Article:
Can an insurance company or an adjuster refuse to pay the general contractor’s overhead and profit when indemnifying a homeowner’s claim for replacement of damaged property?

Not according to the Florida Supreme Court. In a July decision that many in the insurance restoration industry—contractors who do such insurance claim-related work—view as significant, the court ruled that homeowners are entitled to the full cost of replacement, whatever that includes and whether or not the repair or reconstruction actually takes place.

Who Does the Work and When?

In Trinidad v. Florida Peninsula, published last month, Miami homeowner Amado Trinidad sued his insurance company when the company withheld the amount calculated to cover a general contractor’s overhead and profit from the check indemnifying him for damages following a fire. The insurance company, Florida Peninsula, argued that since Trinidad had yet to hire a general contractor, it was under no obligation to pay the overhead and profit until the job was completed. Insurance estimates typically calculate that amount as 20% of the estimated cost of reconstruction under a typical replacement value policy. The court found that a homeowner paying premiums on such a policy is entitled to the full cost of restoring the property. That cost, the court said, includes the general contractor’s overhead and profit if a general contractor could reasonably be expected or needed to perform that work.

Three Trades Rule Overruled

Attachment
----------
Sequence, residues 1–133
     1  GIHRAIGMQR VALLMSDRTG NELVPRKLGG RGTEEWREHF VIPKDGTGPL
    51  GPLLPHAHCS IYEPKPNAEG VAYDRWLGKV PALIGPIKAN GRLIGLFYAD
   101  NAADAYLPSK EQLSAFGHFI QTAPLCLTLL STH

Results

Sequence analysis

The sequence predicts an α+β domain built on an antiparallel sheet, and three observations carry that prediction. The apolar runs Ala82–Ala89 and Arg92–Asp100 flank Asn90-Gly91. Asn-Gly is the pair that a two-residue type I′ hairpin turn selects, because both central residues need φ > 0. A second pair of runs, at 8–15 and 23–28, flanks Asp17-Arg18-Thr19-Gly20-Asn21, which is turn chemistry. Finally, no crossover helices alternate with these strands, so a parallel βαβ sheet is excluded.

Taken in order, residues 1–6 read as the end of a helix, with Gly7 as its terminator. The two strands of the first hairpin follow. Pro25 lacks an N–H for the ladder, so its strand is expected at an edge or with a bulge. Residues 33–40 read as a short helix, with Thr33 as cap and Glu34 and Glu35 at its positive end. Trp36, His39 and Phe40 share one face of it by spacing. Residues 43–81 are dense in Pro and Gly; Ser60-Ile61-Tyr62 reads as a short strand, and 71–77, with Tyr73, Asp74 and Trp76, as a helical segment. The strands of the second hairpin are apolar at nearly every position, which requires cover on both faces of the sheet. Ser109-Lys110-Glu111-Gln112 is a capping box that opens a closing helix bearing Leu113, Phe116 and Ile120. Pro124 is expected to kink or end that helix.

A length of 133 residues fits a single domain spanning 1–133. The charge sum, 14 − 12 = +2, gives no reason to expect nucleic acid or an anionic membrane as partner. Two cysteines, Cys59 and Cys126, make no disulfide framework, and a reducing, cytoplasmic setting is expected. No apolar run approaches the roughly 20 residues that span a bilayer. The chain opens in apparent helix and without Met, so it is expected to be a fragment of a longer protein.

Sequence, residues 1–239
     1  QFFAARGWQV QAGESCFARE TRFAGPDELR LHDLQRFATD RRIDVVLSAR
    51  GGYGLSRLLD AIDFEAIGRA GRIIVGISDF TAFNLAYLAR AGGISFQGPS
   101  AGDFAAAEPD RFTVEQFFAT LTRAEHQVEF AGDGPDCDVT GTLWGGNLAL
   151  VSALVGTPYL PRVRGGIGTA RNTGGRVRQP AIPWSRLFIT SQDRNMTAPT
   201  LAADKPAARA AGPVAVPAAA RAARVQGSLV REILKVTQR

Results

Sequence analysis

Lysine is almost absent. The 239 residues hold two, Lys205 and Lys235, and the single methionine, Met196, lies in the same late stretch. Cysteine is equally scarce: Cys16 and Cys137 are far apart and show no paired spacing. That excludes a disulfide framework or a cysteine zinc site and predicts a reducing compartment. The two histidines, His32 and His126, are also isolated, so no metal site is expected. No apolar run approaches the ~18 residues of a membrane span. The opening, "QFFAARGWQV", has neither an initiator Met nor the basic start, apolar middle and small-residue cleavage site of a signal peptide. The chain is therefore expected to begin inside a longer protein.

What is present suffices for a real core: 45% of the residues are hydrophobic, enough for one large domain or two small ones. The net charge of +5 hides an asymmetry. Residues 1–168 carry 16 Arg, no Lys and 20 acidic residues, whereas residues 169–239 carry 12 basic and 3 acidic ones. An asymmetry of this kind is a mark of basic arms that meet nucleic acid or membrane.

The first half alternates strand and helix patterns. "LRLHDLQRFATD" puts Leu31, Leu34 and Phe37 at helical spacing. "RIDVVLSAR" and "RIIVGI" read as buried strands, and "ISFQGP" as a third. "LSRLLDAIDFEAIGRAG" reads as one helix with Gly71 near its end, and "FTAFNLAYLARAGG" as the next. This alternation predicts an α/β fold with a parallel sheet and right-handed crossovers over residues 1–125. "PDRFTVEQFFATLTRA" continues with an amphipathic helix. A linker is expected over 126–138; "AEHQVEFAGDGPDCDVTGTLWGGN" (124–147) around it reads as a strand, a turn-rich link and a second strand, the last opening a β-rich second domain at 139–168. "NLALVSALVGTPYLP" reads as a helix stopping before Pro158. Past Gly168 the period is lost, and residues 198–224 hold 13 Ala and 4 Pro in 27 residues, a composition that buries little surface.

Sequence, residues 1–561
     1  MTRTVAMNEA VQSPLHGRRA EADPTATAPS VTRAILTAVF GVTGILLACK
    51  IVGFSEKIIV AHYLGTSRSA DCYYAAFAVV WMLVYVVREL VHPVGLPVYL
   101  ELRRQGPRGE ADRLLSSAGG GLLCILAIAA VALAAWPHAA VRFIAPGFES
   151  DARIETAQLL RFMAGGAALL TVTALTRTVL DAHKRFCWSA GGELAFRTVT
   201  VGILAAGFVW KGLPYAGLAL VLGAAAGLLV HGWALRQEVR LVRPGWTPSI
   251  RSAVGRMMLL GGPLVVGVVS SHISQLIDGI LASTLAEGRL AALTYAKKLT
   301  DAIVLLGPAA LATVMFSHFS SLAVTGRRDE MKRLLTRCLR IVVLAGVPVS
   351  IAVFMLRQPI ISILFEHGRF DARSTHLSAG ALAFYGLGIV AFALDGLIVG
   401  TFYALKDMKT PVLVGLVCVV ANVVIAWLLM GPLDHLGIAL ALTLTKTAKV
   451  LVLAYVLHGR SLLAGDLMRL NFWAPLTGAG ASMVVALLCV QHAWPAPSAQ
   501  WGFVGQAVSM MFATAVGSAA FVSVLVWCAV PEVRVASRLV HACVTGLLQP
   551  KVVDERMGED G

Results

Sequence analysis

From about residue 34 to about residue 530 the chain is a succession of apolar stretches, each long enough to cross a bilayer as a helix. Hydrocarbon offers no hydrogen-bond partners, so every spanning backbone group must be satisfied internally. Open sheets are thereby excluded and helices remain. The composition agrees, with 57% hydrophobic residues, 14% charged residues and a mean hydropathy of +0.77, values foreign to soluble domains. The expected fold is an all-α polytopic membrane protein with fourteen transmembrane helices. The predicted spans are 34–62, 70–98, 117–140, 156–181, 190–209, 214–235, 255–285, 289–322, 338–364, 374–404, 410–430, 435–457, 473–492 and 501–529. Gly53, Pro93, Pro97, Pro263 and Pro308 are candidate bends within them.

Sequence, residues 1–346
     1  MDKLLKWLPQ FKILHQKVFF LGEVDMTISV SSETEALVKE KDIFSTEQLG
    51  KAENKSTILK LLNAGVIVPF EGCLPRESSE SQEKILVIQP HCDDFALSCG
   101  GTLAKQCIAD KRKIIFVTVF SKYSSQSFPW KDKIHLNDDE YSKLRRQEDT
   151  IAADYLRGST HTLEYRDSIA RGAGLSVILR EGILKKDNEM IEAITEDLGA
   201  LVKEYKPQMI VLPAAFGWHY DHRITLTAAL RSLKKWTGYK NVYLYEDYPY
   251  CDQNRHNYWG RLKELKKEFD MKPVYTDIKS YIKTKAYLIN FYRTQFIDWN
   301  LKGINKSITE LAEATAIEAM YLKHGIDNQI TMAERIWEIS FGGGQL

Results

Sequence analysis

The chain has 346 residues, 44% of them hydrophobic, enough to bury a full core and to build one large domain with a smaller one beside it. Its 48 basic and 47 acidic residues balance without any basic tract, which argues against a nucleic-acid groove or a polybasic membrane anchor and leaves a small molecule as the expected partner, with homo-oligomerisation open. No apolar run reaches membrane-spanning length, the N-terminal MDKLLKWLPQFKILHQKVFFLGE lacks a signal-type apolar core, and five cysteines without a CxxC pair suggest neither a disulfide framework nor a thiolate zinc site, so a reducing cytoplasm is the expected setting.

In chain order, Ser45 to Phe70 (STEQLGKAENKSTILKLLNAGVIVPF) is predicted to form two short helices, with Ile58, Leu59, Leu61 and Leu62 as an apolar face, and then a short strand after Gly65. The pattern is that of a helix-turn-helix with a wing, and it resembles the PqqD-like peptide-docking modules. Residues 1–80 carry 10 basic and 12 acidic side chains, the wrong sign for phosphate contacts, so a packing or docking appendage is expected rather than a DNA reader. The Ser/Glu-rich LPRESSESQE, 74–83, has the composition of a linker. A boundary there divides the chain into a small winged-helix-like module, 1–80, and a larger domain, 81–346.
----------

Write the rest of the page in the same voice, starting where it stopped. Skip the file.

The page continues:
Prior to the ruling, most insurance companies operating in Florida used the “Three Trades” rule to determine whether or not to pay overhead and profit. “In order for a general contractor to bill for overhead and profit, there had to be a general contractor and there had to be three trades, or subcontractors,” says Paul T. Zeniewicz, an attorney working for the Winter Park, Fla., law firm  Cohen Battisti, which monitors legislation and rulings affecting the insurance restoration industry. 

That method typically excluded single trades such as roofing companies engaged in emergency repairs, or those specializing in mitigation services—dry-out, clean-up, etc.—but not contracted for reconstruction. The court’s decision, in effect, dispenses with the Three Trades rule, arguing that any insurance reconstruction job where a general contractor’s services might reasonably be required must include the additional 20%. The ruling also defines overhead to include “fixed costs to run the contractor’s business,” and profit as “the amount the contractor expects to earn for his services.” Both overhead and profit are now recoverable under a replacement value policy.

“What Florida’s highest court found,” Zeniewicz says, “is that where a GC is likely needed for insurance loss, the homeowner is entitled to be paid” for that cost.

How Contractors Are Paid